TABLE 1__________________________________________________________________________HEAT    C  MN FE S   SI NI CR AL TI MG  CO  MO NB TA  NB + TA__________________________________________________________________________ 1  0.004  0.2     56.7        0.001            0.1               38.17                  <0.1                     0.33                        1.5                           <0.1                               <0.1                                   <0.1                                      2.9                                         0.001                                             2.9 2  0.005  0.2     54.9        0.001            0.1               40.09                  <0.1                     0.12                        1.5                           <0.1                               <0.1                                   <0.1                                      2.9                                         0.001                                             2.9 3  0.018  0.2     54.8        0.001            0.1               40.24                  <0.1                     0.30                        1.5                           <0.1                               <0.1                                   <0.1                                      2.9                                         0.001                                             2.9 4  0.003  0.2     54.8        0.001            0.1               40.07                  <0.1                     0.32                        1.5                           <0.1                               <0.1                                   <0.1                                      2.9                                         0.001                                             2.9 5  0.005  0.2     54.4        0.001            0.1               40.06                  <0.1                     0.51                        1.5                           <0.1                               <0.1                                   <0.1                                      2.9                                         0.001                                             2.9 6  0.004  0.2     52.7        0.001            0.1               41.93                  <0.1                     0.32                        1.5                           <0.1                               <0.1                                   <0.1                                      2.9                                         0.001                                             2.9 7  0.009  0.2     50.8        0.001            0.1               43.97                  <0.1                     0.33                        1.5                           <0.1                               <0.1                                   <0.1                                      2.9                                         0.001                                             2.9 8.sup.(1)    0.011  0.31     Bal.        0.001            0.08               43.80                  0.08                     0.12                        1.25                           <0.1                               0.01                                   0.01                                      3.21                                         0.004                                             3.21 9  <.01  0.2     Bal.        0.001            0.11               43.76                  0.01                     0.16                        1.45                           <0.I                               0.001                                   <0.1                                      3.45                                         0.001                                             3.4510  <.01  0.19     Bal.        0.001            0.12               43.77                  0.03                     0.11                        1.48                           <0.1                               0.001                                   <0.1                                      2.93                                         0.001                                             2.9311  0.026  0.31     50.9        <0.001            0.08               43.70                  0.04                     0.18                        1.45                           <0.1                               0.28                                   <0.1                                      3.03                                         0.003                                             3.0312  0.02  0.31     51.1        <0.001            0.08               43.77                  0.03                     0.08                        0.95                           <0.1                               0.20                                   <0.1                                      3.38                                         <0.01                                             3.3813  0.005  0.19     51.2        0.002            0.12               43.33                  0.08                     0.14                        1.42                           <0.1                               <0.1                                   <0.1                                      3.46                                         0.001                                             3.46A.sup.(2)    0.01  0.01     Bal.        0.009            <0.01               43.61                  N/A                     0.17                        1.48                           N/A.sup.(3)                               N/A N/A       3.94B.sup.(4)    0.035  0.40     63.3        0.001            0.06               36.05                  0.06                     0.15                        0.07                           <0.1                               <0.1                                   <0.1                                      0.03                                         0.001                                             0.03C.sup.(4)    0.021  0.40     63.0        0.002            0.04               36.16                  0.01                     0.20                        0.08                           <0.1                               <0.1                                   <0.1                                      <0.01                                         0.001                                             <0.01D.sup.(4)    0.026  0.38     63.0        0.002            0.05               36.21                  0.01                     0.21                        0.08                           <0.1                               <0.1                                   <0.1                                      <0.01                                         0.001                                             <0.01__________________________________________________________________________ Note: N/A = Not Analyzed .sup.(1) Contains 0.007 P and 0.05 Cu .sup.(2) Corresponds to alloy A of U.S. Pat. No. 3,514,284 (For comparative purposes only) .sup.(3) None Added .sup.(4) Comparative alloys B, C & D correspond to commercially available low CTE alloy 36 .sup.(5) Only analyzed in combination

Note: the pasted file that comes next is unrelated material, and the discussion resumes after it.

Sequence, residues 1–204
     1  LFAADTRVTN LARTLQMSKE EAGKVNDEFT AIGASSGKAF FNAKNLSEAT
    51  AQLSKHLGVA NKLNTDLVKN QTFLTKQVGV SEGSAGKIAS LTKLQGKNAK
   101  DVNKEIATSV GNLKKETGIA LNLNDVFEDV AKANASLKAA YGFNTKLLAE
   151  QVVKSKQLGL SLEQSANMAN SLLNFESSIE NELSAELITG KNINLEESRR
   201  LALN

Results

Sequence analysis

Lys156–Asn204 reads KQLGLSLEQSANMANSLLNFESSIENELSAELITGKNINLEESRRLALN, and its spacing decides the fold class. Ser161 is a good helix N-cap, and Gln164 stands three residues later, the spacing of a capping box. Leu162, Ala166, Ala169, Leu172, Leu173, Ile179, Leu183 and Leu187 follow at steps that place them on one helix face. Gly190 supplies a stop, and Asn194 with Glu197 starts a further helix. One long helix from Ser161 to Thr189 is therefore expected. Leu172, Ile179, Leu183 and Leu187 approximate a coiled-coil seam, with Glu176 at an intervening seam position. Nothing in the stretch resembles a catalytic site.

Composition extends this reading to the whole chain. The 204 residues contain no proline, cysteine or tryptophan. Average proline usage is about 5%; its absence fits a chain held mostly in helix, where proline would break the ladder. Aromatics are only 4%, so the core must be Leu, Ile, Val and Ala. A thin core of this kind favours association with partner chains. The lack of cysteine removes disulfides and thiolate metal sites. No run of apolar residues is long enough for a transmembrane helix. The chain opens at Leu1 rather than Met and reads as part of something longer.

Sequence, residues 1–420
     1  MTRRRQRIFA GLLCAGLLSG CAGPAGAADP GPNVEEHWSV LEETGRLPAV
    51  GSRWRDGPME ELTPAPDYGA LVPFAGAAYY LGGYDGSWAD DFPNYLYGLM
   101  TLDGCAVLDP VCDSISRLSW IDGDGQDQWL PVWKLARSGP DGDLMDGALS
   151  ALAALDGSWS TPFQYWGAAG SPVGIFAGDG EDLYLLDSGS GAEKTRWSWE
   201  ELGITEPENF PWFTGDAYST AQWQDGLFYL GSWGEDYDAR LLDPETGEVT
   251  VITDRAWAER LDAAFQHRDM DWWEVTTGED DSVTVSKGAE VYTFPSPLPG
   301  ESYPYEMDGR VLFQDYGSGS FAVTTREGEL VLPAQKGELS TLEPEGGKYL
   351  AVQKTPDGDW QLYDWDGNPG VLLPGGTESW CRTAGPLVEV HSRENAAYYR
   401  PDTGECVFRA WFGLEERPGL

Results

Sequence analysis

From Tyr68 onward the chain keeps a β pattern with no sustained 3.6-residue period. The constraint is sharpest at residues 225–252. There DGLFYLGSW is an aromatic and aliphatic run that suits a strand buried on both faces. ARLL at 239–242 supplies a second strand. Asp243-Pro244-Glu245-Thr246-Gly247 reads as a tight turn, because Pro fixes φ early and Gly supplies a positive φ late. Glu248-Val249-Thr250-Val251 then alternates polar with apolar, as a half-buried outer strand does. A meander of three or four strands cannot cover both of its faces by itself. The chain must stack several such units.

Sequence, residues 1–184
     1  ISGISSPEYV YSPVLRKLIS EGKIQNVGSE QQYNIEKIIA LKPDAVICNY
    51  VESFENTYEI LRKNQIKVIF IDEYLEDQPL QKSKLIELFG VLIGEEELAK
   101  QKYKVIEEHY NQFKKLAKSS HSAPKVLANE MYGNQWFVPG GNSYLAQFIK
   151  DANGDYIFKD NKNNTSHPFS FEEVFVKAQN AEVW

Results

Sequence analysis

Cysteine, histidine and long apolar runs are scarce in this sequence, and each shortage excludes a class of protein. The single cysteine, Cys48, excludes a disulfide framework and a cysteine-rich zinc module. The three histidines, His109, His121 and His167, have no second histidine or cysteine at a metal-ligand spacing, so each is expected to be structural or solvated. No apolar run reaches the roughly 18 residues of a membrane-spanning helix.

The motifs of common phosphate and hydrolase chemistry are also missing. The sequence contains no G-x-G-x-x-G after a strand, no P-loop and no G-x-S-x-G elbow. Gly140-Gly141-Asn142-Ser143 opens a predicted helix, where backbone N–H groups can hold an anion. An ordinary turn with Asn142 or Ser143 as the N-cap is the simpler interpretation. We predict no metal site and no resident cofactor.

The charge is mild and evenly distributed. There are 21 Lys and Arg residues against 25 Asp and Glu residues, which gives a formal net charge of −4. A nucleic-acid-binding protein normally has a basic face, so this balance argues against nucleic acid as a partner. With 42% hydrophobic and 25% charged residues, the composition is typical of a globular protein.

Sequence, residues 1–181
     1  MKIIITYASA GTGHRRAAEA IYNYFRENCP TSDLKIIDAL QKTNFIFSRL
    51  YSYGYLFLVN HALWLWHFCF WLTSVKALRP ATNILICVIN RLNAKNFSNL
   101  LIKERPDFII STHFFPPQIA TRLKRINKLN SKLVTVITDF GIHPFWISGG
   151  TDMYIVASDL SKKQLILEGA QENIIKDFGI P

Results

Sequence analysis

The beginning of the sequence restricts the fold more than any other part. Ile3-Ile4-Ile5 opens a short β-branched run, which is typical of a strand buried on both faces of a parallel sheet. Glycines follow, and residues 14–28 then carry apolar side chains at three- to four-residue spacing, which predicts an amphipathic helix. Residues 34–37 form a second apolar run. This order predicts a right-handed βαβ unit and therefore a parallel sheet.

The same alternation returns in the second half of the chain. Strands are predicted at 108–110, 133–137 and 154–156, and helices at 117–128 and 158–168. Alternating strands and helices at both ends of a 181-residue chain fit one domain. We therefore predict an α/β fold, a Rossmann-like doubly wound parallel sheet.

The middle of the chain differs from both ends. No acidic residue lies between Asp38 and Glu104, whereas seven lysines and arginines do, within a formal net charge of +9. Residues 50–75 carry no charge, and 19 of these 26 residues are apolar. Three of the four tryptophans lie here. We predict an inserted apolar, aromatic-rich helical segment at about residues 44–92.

The data of Table 1 are expressed in weight percent. For purpose of this specification, all alloy compositions are expressed in weight percent.